Harnessing stem cell potential for regenerative medicine and cell-based therapy

Harnessing stem cell potential for regenerative medicine and cell-based therapy

Abstract

Stem cells have an interesting history, hugely replete with varied discourse, debate and controversy. Researchers, in mid 1800s, discovered that cells were basically the building blocks of life, and that some cells had the ability to produce other cells. Later on, owing to several years of relentless thinking and efforts, mammalian eggs could be fertilised outside of the human body. In the early 1900s, cells with remarkable ability to generate blood cells were identified. After a gap of 8-9 decades, researchers discovered blood producing stem cells, called as hematopoietic stem cells, followed by another resident of bone marrow stem cells, named as mesenchymal stem cells. Furthermore, during the first decade of 21st century, scientists successfully programmed differentiated somatic cells into stem cell-like cell that was called as induced pluripotent stem cells (iPSCs). The greatest advantages of the iPSCs, apart from being a potential prospective candidate for cell therapy, is the lack of any ethical concerns like other category of stem cells, such as embryonic stem cells (ESCs). Besides, stem cells are also being used to generate multiple functional organs in vitro to study, and explicitly decipher the structural organisation and concerted working of these vital organs in the human body, which will further help in deepening the insight, understanding and designing new therapeutic strategy to ameliorate and cure the multiple diseases. Recent findings have proved that the stem cells may offer shining rays of hope, and be explored for treatment of deadly degenerative and incurable diseases in years to come.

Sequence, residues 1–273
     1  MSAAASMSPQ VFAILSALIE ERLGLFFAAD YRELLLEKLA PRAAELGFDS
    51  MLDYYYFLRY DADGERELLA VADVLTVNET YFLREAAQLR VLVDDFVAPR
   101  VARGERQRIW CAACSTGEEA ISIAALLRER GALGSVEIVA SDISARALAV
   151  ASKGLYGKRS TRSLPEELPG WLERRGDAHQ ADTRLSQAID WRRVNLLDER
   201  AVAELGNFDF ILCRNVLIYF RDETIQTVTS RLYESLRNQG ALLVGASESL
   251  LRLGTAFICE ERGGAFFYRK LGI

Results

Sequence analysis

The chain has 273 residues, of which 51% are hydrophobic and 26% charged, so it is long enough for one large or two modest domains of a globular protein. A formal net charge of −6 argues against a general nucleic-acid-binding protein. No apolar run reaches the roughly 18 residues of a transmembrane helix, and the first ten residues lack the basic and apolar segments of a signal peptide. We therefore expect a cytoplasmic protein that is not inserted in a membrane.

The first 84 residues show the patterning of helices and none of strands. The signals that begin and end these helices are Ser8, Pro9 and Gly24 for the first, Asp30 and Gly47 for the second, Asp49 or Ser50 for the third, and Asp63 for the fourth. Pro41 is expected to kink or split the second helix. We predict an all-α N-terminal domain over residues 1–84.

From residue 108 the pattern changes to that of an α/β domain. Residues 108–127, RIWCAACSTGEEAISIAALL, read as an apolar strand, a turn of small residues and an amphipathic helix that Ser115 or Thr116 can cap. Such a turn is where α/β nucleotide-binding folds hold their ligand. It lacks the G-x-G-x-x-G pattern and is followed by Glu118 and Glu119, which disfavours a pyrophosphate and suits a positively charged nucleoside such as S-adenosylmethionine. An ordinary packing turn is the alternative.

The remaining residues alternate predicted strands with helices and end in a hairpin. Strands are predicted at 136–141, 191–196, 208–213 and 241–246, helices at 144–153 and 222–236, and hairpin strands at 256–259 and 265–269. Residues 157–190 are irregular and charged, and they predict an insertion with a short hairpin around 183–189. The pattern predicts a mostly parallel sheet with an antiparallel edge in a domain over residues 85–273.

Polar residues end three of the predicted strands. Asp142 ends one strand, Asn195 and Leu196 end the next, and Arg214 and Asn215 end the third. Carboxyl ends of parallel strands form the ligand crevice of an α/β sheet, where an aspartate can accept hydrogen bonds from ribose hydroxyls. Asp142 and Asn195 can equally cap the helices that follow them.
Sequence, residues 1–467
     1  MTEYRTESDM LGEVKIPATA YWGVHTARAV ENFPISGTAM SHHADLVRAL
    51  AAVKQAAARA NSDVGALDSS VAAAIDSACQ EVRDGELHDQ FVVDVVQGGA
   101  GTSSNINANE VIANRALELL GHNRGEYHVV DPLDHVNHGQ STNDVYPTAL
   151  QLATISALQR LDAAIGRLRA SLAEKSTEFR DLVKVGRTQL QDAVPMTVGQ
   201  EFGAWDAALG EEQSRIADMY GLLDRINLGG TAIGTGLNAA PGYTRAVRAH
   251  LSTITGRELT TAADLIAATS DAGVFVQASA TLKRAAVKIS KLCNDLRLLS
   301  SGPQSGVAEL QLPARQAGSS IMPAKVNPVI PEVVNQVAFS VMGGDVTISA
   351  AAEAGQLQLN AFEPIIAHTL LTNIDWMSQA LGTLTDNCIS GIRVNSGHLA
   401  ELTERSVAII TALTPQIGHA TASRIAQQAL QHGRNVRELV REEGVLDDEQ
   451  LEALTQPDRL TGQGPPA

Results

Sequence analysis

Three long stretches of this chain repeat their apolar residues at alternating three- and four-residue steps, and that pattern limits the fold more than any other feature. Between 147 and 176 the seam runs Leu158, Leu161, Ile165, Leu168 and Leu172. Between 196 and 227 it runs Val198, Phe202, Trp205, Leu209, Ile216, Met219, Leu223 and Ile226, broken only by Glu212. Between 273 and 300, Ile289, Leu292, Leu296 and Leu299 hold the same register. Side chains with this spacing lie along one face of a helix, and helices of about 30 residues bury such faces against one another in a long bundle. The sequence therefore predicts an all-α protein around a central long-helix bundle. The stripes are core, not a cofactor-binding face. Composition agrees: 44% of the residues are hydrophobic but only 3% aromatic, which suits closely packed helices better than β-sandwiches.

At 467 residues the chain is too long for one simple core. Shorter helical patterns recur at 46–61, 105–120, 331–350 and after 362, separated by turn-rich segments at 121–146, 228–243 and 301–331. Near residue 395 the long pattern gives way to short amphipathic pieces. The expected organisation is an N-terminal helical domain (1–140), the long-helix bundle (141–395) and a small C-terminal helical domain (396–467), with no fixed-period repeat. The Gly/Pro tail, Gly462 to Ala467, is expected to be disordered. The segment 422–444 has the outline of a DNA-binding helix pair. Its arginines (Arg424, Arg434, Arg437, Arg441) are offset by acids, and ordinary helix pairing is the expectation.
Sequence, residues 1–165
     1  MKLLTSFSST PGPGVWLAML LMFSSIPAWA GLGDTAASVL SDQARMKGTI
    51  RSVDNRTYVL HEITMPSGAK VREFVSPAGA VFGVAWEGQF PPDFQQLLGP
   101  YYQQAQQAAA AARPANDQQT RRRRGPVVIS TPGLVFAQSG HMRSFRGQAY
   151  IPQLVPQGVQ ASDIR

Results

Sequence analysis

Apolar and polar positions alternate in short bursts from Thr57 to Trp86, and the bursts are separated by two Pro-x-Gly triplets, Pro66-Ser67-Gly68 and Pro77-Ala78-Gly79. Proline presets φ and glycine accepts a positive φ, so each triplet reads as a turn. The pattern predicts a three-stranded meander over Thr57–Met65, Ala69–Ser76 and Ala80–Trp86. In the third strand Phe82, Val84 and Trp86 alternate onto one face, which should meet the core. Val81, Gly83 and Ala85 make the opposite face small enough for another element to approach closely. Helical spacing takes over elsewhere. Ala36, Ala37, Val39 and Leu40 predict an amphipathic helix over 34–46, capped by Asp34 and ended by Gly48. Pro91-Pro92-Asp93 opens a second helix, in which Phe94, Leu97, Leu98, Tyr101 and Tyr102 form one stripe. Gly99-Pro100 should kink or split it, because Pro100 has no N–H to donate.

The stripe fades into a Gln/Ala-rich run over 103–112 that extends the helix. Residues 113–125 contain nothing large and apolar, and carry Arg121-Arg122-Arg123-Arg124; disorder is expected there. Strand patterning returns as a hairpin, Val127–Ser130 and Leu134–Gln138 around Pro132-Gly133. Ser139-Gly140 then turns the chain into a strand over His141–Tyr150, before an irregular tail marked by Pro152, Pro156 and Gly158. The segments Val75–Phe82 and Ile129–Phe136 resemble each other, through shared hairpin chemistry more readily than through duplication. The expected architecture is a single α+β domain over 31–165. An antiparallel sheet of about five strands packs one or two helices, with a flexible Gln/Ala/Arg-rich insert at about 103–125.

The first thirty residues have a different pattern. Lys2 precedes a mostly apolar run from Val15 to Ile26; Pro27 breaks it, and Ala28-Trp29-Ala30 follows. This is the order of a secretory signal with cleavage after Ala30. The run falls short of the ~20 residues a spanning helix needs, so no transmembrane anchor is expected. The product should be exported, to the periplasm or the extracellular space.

Abstract

Stem cells have an interesting history, hugely replete with varied discourse, debate and controversy. Researchers, in mid 1800s, discovered that cells were basically the building blocks of life, and that some cells had the ability to produce other cells. Later on, owing to several years of relentless thinking and efforts, mammalian eggs could be fertilised outside of the human body. In the early 1900s, cells with remarkable ability to generate blood cells were identified. After a gap of 8-9 decades, researchers discovered blood producing stem cells, called as hematopoietic stem cells, followed by another resident of bone marrow stem cells, named as mesenchymal stem cells. Furthermore, during the first decade of 21st century, scientists successfully programmed differentiated somatic cells into stem cell-like cell that was called as induced pluripotent stem cells (iPSCs). The greatest advantages of the iPSCs, apart from being a potential prospective candidate for cell therapy, is the lack of any ethical concerns like other category of stem cells, such as embryonic stem cells (ESCs). Besides, stem cells are also being used to generate multiple functional organs in vitro to study, and explicitly decipher the structural organisation and concerted working of these vital organs in the human body, which will further help in deepening the insight, understanding and designing new therapeutic strategy to ameliorate and cure the multiple diseases. Recent findings have proved that the stem cells may offer shining rays of hope, and be explored for treatment of deadly degenerative and incurable diseases in years to come.

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